Henry Salt and the Dean of St. Paulâ€™s Cathedral
by John M. Gilheany
It’s surprising to delve into the ecclesiastical aspect of the Vegetarian movement and discover that Henry Salt, a lifelong agnostic, should have acquired such an influential role in Christian affairs.
Whether the circumstances stemmed from theological propaganda with its dozens of ‘Biblical’ vegetarian tracts and even a rewrite of the New Testament; or criticism from Catholic literary giant, G.K. Chesterton and the equally influential Dean of St. Paul’s Cathedral; a voice of reason was needed to keep the movement intact and on track which Henry Salt often provided with relatively few internal skirmishes for almost half a century.
Of his foremost dealings with non-secular campaign matters; the dispute between Dean Inge and the London Vegetarian Society (L.V.S.) afforded the most exuberant example of Salt’s contribution to the intellectual defence of vegetarianism. In addition to straightforward argument and analysis, the vegetarian press published satirical literary sketches and verse which tended to convey Salt’s lack of estimation for the philosophical prowess of their widely esteemed opponent.
The Inge controversy has been touched upon in a few modern studies of vegetarian activity in Britain which refer to a booklet by the Rev Francis Wood (1854 - 1934), a Unitarian clergyman and Vegetarian Society member of several decades standing. Wood’s booklet, A Reply to Dean Inge’s Defence of Flesh-Eating was published in 1934. However the dispute with vegetarianism which the Dean of St. Paul’s Cathedral instigated, and perpetuated, really began to simmer upon the publication of his Outspoken Essays in 1922. Rev Wood dealt with the matter at a theological level whereas Henry Salt discussed and tended to ridicule the basis of the Dean’s somewhat singular contention during the 1920s and 30's.
The philosophical assumption that animals bred for food products should, effectively, owe their lives to human appetites, was acknowledged by Bernard Shaw but dismissed by Salt who expressed consternation that the theory should have endured so far into the twentieth century. For to the mind of the latter reformer, the matter had been settled in Parliament during a debate on pigeon shooting which occurred in 1883. As Salt recalled: “It was argued that a ‘blue-rock’ would prefer to live and be shot at than not to live at all, at which Mr. W.E. Forster retorted that what we have to consider is not a ‘blue-rock’ before existence, but a ‘blue-rock’ in existence. That is the sum of the whole matter”.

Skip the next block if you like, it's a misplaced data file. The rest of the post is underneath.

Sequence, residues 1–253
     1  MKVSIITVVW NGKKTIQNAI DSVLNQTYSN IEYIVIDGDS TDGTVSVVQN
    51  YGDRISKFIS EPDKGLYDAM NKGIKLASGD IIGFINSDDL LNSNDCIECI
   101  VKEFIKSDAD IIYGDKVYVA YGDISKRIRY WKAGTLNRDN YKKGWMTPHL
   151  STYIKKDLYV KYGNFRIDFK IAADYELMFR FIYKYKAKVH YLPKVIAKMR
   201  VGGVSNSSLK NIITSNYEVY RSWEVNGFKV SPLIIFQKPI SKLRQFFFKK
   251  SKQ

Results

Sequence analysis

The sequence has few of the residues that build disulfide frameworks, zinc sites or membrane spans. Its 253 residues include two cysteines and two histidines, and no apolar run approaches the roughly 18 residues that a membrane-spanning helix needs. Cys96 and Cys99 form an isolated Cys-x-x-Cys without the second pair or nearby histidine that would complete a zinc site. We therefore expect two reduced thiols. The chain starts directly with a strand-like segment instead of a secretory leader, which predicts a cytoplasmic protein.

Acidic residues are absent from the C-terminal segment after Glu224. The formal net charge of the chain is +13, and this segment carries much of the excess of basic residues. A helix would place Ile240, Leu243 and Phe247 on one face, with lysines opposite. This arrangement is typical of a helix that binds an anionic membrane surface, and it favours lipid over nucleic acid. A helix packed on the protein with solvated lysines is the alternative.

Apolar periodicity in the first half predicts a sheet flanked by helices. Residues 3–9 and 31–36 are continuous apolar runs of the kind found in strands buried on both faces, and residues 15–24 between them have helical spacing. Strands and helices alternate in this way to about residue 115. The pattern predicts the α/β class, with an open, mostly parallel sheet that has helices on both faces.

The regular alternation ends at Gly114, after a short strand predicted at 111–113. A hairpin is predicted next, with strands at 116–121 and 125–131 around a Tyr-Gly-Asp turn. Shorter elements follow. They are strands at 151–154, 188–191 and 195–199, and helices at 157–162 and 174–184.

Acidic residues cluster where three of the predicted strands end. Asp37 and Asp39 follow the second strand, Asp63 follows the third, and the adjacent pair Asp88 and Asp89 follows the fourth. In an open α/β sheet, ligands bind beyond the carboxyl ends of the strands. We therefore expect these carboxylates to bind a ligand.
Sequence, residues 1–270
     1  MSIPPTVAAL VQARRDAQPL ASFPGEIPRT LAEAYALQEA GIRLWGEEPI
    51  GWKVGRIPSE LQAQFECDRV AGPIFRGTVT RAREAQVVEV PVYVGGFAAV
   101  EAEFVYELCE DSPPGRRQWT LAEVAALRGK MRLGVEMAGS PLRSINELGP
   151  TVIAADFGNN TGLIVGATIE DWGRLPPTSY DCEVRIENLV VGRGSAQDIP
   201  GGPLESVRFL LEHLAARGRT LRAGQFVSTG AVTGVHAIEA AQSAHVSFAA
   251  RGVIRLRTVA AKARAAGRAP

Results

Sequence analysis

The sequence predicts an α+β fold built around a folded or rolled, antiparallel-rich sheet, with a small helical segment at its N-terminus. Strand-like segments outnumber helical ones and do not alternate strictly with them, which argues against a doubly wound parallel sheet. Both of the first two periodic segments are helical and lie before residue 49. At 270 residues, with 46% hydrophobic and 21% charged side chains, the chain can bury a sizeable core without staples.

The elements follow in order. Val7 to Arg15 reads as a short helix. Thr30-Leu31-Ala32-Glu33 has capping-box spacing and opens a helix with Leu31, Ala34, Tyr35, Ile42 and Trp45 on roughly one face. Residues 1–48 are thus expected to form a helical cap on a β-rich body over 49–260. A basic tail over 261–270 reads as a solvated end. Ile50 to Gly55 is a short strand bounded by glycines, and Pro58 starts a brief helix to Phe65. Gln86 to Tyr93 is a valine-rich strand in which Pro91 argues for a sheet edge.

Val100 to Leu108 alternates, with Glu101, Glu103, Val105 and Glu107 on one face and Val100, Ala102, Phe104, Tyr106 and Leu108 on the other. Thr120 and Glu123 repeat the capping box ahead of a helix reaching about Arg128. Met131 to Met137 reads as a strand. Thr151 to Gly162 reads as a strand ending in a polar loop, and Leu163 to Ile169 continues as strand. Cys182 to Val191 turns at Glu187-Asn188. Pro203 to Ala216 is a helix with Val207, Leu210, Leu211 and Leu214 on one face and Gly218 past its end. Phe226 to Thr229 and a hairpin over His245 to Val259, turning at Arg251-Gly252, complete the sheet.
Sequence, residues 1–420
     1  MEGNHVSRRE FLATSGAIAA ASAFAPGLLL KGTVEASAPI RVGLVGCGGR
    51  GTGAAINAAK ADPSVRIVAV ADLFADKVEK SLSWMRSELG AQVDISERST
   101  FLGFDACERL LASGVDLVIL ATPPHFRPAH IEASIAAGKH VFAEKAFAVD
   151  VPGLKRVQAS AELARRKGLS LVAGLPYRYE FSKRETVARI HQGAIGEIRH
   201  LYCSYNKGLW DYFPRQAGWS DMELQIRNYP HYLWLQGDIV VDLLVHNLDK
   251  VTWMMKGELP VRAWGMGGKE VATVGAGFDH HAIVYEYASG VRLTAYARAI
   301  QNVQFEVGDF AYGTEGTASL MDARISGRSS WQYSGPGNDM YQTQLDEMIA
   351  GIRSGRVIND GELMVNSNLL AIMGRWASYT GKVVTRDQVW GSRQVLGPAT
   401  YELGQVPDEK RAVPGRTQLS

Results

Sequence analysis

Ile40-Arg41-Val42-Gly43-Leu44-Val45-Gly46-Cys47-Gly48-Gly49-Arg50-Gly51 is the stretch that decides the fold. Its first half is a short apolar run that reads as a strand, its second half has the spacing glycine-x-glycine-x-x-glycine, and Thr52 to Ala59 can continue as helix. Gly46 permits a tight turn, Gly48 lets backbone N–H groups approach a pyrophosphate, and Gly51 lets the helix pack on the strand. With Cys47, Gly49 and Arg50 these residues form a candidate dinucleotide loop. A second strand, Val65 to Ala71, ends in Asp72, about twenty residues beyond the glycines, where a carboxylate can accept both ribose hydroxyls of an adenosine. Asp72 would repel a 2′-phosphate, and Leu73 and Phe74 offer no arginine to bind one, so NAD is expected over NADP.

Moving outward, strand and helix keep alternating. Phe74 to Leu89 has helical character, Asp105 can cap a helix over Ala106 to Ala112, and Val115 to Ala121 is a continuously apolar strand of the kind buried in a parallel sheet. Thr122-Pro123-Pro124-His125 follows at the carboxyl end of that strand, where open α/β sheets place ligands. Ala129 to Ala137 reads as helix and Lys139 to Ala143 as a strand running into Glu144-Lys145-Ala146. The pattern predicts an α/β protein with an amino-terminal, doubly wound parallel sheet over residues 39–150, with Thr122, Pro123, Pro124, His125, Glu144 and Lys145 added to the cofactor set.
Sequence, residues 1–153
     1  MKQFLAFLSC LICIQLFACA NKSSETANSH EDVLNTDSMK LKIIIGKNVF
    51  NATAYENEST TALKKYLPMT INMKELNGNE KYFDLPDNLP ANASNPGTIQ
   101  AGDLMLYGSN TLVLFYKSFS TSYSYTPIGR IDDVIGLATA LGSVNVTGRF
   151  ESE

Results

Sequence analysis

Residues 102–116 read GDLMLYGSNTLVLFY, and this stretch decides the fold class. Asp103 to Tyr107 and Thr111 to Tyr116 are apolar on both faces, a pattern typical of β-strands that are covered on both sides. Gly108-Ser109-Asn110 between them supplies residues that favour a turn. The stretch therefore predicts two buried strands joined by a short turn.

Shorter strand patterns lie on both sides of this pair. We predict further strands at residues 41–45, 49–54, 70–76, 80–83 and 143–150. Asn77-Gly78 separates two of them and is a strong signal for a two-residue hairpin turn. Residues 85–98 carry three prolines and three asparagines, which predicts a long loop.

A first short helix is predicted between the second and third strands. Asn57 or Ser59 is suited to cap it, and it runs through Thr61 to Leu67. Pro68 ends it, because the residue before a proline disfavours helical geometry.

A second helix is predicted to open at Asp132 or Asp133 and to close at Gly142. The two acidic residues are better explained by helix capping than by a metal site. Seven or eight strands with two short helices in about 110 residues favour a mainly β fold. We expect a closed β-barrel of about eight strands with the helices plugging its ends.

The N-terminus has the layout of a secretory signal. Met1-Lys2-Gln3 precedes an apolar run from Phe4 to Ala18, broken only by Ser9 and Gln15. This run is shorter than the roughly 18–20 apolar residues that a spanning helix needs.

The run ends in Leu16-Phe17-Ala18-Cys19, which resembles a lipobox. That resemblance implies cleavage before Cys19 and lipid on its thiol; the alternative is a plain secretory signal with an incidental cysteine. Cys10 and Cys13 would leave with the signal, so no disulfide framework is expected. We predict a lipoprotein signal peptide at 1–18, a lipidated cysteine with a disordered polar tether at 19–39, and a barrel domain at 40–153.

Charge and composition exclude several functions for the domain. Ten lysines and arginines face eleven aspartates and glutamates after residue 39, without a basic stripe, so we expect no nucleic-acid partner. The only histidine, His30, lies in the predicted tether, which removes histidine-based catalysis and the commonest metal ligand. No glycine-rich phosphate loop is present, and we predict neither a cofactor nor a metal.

On that basis, it was with an aloof sense of satire that Salt was inclined to provide the L.V.S. with ideological guidance in response to Inge's literary contributions; most of which had first appeared as articles in the Evening Standard where Inge typically stated: “If we assume that survival has a value for the brutes, no one has so great an interest in the demand for pork as the pig.”
It should however be emphasised that the term “brutes” belied a notable facet of Inge’s ethical outlook, which was surprisingly supportive of animals’ rights, insofar as everyday circumstances seemed to permit their recognition. For even to this day, widespread assumptions prevail that meat should form an essential part of a balanced human diet. Therefore, although the Vegetarian movement of the inter-war years may have experienced an expansion of their sparse and often remote ranks, alongside the rise of pacifism in Britain, the traditional cultural suspicion that meat was an integral aspect of health and vigour took an inevitable toll on the sympathies of most militant animal welfare campaigners. It was only among a minority of vegetarians that the contemporary concept of animal rights campaigning was fully foreshadowed.
Therefore, an outspoken supporter of animals’ rights - such as Dean Inge – was able to condemn particular aspects of animal exploitation with a relatively clear conscience towards consuming abattoir products for nutritional reasons. Indeed instances of clergy animal rights advocacy - whilst exceptionally rare - remain indicative of the largely unknown extent of Salt’s ethical influence during the early decades of the twentieth century.
A short chapter of my book, Familiar Strangers: The Church and the Vegetarian Movement in Britain (1809 – 2009) is devoted to the topic described in this article and to the wider controversy which saw leading ethicists clash and adopt unlikely standpoints towards vegetarian values.
Published: Henry Salt Archive, 4 March 2011